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Natak in Karnataka

india Updated: Oct 16, 2010 22:39 IST
Manas Chakravarty
Manas Chakravarty
Hindustan Times
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The opposition really deserved to lose the trust vote in Karnataka. Their behaviour was, to say the least, completely despicable. How could they have stooped so low? Did they think they could have got what they wanted by spiriting away the dissident MLAs to a resort in Goa? Or to Pune, of all places? That would have set a terrible precedent for Indian politics.

Nobody who is anybody goes to Goa these days. Today, even mom and pop businesses ferry their dealers to Bangkok for their annual bash. Company executives spend their time and shareholders’ money rushing from one scenic foreign locale to the other, on the thinly-disguised pretext of attending meetings. And here was Kumaraswamy taking all these eminent folks to Goa. If he had the sense to consult me, I would have suggested Hawaii, or at least Las Vegas. But the JD(S), short for Janata Dal (Stingy), lived up to its name and tried to topple the government on the cheap. Naturally they lost.

Senior politicians are relieved. “Are we worth only a Goa trip?” asked one of them heatedly. “If they had succeeded, next time they may just have taken us to the local hooch shop and tried to buy our votes with a few glasses of arrack. But now, the least I will demand is they take me bungee-jumping in New Zealand.” Others pointed out that Karnataka politicians could learn a thing or two from their brethren in Maharashtra. “See how generous Chief Minister Chavan has been, coughing up R2 crore for a rally. Kumaraswamy should take lessons from him”, said a pot-bellied independent.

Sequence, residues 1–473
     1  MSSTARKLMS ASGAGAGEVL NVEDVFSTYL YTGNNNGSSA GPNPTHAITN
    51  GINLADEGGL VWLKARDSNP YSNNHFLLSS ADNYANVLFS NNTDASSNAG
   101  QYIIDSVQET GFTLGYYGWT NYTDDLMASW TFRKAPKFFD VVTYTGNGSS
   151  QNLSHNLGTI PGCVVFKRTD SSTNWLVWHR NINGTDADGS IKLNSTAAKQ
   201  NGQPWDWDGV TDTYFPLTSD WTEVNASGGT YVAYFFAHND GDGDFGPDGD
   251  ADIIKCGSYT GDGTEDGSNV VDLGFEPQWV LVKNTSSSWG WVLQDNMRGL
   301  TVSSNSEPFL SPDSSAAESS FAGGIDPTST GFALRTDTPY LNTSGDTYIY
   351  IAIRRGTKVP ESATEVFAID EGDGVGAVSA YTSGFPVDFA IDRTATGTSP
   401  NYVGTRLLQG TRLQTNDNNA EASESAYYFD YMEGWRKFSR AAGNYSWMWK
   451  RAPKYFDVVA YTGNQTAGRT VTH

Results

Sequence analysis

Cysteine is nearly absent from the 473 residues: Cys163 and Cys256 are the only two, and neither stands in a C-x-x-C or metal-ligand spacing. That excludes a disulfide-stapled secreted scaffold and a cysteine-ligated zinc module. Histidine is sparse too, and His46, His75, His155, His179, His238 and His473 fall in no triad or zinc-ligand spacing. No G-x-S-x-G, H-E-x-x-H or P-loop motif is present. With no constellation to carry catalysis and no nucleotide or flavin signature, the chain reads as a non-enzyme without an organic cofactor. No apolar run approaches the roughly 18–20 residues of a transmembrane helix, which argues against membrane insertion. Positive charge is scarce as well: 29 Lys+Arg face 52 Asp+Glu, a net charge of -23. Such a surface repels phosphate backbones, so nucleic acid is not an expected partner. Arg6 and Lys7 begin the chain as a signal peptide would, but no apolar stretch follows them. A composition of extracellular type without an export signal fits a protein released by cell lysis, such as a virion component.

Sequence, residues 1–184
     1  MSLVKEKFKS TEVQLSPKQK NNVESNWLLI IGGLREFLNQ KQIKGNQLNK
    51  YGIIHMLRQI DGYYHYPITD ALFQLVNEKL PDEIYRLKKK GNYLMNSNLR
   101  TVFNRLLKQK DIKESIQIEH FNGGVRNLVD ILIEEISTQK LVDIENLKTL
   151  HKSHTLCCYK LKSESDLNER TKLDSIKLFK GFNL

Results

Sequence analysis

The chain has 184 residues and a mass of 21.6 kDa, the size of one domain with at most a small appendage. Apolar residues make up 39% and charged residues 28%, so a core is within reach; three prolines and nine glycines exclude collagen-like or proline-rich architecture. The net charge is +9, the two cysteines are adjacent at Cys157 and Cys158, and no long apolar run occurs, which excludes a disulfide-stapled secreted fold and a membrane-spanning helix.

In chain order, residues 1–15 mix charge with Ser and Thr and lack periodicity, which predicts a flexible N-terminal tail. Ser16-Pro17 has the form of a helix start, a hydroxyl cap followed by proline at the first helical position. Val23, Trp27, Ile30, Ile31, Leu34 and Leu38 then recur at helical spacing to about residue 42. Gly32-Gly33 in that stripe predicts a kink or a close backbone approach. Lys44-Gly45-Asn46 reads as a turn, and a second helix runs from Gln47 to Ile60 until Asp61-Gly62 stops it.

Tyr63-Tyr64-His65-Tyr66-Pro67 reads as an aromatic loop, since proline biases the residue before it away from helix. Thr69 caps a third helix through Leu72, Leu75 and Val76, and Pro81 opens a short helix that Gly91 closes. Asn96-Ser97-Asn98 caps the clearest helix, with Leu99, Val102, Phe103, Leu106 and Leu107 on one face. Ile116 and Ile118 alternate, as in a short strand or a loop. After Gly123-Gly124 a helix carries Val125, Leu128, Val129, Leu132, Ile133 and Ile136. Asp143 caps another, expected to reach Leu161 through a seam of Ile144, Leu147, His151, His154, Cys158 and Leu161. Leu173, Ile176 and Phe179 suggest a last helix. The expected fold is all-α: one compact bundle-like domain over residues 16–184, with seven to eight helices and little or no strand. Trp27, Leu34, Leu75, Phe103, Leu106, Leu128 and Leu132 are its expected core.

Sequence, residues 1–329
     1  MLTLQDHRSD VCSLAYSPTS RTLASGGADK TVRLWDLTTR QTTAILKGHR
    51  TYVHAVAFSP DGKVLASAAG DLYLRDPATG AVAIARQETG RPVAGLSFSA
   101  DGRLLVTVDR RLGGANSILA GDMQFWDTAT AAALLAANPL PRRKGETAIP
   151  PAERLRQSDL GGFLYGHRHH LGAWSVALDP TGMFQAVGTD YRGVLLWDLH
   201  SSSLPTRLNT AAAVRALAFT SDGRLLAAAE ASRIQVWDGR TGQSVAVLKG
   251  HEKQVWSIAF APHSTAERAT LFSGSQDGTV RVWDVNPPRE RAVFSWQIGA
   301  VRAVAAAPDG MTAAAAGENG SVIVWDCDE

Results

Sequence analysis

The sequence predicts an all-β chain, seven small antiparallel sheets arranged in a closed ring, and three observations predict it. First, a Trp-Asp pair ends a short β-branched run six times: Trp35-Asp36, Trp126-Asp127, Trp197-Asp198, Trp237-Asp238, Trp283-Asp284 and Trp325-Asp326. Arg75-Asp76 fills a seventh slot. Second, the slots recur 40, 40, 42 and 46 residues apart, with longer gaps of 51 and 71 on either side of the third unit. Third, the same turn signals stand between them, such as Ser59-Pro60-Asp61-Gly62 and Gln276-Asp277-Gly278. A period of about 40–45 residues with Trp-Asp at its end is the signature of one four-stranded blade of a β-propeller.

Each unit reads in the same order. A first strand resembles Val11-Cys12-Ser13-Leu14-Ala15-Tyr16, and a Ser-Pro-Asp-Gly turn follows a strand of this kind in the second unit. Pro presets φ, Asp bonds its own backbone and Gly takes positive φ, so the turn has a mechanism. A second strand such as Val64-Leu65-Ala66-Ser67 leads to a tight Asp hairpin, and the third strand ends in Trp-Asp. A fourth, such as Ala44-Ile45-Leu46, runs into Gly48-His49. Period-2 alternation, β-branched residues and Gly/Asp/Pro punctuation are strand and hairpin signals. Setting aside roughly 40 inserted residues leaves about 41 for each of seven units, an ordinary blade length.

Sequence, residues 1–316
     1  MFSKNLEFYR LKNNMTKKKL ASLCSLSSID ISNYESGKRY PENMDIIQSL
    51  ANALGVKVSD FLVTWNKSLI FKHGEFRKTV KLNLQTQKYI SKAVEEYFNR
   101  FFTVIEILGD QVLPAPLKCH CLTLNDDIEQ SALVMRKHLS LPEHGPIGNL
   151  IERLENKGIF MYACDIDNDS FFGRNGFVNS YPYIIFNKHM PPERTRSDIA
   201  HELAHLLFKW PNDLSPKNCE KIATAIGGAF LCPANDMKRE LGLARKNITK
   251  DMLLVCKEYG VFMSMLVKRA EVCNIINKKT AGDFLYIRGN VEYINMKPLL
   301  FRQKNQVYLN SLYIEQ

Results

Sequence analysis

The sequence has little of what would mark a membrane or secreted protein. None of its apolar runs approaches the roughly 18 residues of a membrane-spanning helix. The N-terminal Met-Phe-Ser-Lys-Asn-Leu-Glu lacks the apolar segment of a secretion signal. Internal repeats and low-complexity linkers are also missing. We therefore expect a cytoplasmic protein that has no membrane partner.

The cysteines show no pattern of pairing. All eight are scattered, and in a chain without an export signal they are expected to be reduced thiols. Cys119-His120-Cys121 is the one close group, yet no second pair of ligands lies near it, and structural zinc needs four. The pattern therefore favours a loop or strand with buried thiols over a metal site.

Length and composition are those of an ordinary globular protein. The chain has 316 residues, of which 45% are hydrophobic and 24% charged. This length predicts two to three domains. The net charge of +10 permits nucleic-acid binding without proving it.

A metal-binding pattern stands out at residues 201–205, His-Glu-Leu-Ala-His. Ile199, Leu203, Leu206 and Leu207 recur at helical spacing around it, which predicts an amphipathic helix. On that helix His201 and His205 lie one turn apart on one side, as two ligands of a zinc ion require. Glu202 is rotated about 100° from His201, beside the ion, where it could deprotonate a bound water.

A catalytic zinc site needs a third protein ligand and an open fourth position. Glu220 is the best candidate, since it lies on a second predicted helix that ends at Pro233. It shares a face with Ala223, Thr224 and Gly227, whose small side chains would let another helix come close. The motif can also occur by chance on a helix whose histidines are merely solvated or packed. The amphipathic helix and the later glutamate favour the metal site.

To be fair, Yeddyurappa too has displayed a total lack of imagination. He could easily have lured the dissidents with an all-expenses- paid luxury cruise to Antarctica, which would have got them out of his hair for the next six months. Even longer, if he could arrange to get them trapped in the ice there. A month’s profit from the mining business, or a couple of murky land deals, would have been enough to pay the expenses.

Instead, Yeddyurappa seems to have opted for sorcery, with newspapers reporting how a beheaded chicken, blood, a lemon pierced with nails, turmeric, vermillion and other weird stuff topped with an egg were found near the assembly. Both the government and the opposition accused each other of witchcraft, but since the vote went in favour of Yeddyurappa, we all know who did it. What’s more, because it has proved so effective, we’re sure to see an upsurge of interest in voodoo among politicians. The police need to keep a close watch on headless chickens around Parliament.

Actually, the Centre may be to blame for all this, by proposing that mining companies should share 26% of their profits with displaced tribals. That has raised the stakes and shaken up the economics of horse-trading. “The cash we get for voting gets spent, so we too should get a share of the long-term profits, just like the tribals,” pointed out a dissident with a fake degree in economics.

But does the aam aadmi gain anything from all this? Of course we do. We can get ourselves worked up on prime time TV debating questions like “Does India deserve this?” and “Is democracy for sale?”. We can gleefully watch the antics of shirtless legislators jumping on desks and fighting with the marshals for our entertainment. Even state governors spare no effort in trying to amuse us. What more do we want?

Manas Chakravarty is Consulting Editor, Mint. The views expressed by the author are personal